This self-titled, one-off album from Neko Case, K.D. Lang, and Laura Veirs arrives with an air of inevitability, built of songs that have seemingly always existed and just needed the right context to emerge. Throughout case/lang/veirs, the three singer-songwriters borrow from a history of kindred souls—from doo-wop’s call-and-response song structure to the aching, three-part harmonies of Dolly Parton, Linda Ronstadt, and Emmylou Harris on Trios I and II—to craft an album that knowingly winks at girl groups past, yet also works considerable raw material from Case, Lang, and Veirs’s own bones.
Steeped in the repurposed Americana sound familiar to the Pacific Northwest (Case, Lang, and Veirs have all called the region home), the album covers torch music, jangle pop, front-porch folk, and alternative country, exuding the quiet showmanship of seasoned pros who share instant and obvious chemistry. Having each maintained solo careers for at least 15 years, these artists find relief and room to improvise as backing guitarists; this comes through in the loose fingerpicking that underscores the psychedelic shuffle of “Supermoon,” the heavy and distorted guitar solo that adds a celestial pull to Lang’s ballad “Blue Fires,” and the cascading staccato riffs that fill out the Phil Spector-style “Honey and Smoke.”
The album’s strings, horns, and an athletic and diverse rhythm section amplify the emotion of the songs throughout. The grumbling cello on the low end of Case’s “Down I-5,” for instance, adds grit to match her world-weary tale, and the mix of limber strings, muted piano runs, and shuffled percussion on “Greens of June” renders the song eerie and delicate at once.
The album covers torch music, jangle pop, front-porch folk, and alternative country, all with a quiet showmanship.
And the album’s lyrics, which swing from straightforward to philosophical, reflect a similar amity and interplay. Lang is a deep-feeling, sentimental songwriter, and Veirs is hyper-literal and observational, while Case’s desert-dusted travelogues, where surveillance of the mundane takes on a surreal poetry, bridges between the two. The lyric “The hottest part of this flame burns blue” on “Blue Fires” is prime Lang, but another line about January cherries is in Veirs’s wheelhouse of quirky sightseeing. And the abstract triplet that opens case/lang/veirs on “Atomic Number,” each line sung in turn by a different bandmate, nods to country-western tropes, yet also seems slyly personal to these women and their collaboration: “I’m not the freckled maid/I’m not the fair-hair girl/I’m not a pail of milk for you to spoil.” That the lyric precedes a chorus with questions about Language and science, and pairs with a mystic arrangement where strings and guitar plaintively tremble while drums sputter like machinery, displays the curiosity that these women bring out in each other as writers and musicians.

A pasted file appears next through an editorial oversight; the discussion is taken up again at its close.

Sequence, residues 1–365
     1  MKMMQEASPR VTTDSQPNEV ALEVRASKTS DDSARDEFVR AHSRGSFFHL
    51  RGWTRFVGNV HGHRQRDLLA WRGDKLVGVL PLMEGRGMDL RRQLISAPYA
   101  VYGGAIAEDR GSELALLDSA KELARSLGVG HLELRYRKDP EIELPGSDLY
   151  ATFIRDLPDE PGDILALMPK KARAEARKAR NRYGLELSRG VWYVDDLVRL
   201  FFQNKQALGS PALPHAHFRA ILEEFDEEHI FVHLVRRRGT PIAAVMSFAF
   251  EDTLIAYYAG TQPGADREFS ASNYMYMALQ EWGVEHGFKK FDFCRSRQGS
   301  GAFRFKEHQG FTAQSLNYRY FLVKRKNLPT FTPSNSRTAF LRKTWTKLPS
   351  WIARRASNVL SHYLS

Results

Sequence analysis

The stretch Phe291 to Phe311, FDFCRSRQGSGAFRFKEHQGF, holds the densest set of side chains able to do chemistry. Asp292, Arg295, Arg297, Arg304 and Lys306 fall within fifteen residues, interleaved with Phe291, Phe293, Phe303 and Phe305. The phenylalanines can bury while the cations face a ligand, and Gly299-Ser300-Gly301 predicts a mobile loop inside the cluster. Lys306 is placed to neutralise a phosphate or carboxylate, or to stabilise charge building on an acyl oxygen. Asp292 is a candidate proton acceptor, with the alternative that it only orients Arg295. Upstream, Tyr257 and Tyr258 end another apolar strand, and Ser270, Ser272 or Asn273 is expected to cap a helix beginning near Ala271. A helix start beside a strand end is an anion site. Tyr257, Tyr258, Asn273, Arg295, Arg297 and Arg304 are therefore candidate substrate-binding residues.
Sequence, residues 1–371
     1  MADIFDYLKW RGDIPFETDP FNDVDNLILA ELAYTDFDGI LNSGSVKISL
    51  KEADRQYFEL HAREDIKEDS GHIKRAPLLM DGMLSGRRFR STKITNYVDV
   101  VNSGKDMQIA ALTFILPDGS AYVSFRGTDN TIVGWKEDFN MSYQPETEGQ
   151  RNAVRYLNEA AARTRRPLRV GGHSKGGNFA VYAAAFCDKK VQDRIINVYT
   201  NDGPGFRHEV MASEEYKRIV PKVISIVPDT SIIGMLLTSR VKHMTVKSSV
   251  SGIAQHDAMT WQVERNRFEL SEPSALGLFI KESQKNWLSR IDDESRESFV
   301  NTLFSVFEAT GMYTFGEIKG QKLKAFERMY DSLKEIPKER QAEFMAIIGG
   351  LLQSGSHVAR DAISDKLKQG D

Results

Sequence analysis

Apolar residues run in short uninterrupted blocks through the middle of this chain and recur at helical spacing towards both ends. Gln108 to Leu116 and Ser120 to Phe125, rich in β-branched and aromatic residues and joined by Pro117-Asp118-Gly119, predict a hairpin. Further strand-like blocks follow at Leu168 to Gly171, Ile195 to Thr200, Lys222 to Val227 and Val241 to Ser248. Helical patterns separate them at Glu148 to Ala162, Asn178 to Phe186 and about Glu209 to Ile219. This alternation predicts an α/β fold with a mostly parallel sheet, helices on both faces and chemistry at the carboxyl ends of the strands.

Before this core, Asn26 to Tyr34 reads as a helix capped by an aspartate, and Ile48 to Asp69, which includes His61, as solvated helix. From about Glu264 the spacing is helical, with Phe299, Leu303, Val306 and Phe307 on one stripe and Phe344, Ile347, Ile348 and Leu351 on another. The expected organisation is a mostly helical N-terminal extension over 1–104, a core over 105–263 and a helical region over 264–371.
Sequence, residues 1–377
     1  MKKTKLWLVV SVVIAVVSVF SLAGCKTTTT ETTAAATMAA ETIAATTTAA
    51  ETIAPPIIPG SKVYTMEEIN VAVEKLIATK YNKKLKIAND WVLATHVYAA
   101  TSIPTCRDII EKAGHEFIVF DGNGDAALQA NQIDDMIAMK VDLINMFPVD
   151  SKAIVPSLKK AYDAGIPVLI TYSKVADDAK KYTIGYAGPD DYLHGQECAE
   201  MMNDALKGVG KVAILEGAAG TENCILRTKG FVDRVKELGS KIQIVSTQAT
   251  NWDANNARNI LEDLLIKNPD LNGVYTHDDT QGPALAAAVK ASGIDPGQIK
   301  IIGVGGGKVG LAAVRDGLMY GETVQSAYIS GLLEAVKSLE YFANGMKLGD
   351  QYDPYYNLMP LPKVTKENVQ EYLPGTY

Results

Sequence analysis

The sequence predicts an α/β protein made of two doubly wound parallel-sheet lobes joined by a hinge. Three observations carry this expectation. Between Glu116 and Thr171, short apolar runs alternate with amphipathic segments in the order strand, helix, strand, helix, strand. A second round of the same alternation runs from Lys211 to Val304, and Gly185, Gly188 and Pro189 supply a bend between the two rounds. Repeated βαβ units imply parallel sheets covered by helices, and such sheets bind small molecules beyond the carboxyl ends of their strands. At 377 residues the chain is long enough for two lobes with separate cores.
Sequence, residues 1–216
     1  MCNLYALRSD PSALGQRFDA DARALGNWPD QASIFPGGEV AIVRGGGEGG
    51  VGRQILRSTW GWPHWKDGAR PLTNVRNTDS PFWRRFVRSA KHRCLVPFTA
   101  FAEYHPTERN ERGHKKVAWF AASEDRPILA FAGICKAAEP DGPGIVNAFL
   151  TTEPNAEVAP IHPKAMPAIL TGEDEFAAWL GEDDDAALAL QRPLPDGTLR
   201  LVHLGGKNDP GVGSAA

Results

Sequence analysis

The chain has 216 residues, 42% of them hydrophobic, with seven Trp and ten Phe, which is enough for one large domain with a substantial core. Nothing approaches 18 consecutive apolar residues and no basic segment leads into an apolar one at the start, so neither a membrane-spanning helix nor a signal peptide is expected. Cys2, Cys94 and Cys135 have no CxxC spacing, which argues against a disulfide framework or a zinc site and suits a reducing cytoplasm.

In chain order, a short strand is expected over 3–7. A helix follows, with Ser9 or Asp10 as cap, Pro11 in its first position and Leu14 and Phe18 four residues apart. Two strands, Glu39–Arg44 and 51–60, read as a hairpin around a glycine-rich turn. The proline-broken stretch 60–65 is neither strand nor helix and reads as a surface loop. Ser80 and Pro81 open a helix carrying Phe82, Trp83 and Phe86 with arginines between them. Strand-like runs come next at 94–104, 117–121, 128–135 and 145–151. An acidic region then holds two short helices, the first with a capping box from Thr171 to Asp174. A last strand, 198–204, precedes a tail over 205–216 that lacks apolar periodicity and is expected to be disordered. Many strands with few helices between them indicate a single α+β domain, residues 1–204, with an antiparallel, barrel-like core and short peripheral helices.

Like “Atomic Number,” other album highlights (including “Best Kept Secret” and “Delirium”) feature well-placed harmonies, nimble instrumentation, and clever wordplay. The simple folk song “I Want to Be Here,” which roars to life with acoustic guitar and organ like something off Blood on the Tracks, features the album’s most immediate chorus. Its lyrics are half-written from a newborn’s point of view (“I’ve got new words/I can see sideways”), and an appropriately minimal and chugging guitar solo sounds like the guitarist is just learning to play. case/lang/veirs has a few languid stretches, but it’s hard to imagine that another country album this year will explore as much of the genre as this one—perhaps because its spirit of collaboration is a release from demands of stylistic and thematic cohesion.
Case, Lang, and Veirs also share between them an affinity for the open road, which is a major influence on both the musical history and the sonic innovation on case/lang/veirs. The album flows like a conversation and negotiation between three artists who’ve done the same thing, but in different ways, now learning the world through each other’s eyes. As Case narrates her drive down the titular and familiar highway of “Down I-5,” this becomes clear: “I don’t ever wanna die/’Cause I’d never get to see/All this beauty passing by me,” she sings, traveling somewhere she’s been countless times before, but still seeing things she’s never seen—or at least seeing old things anew.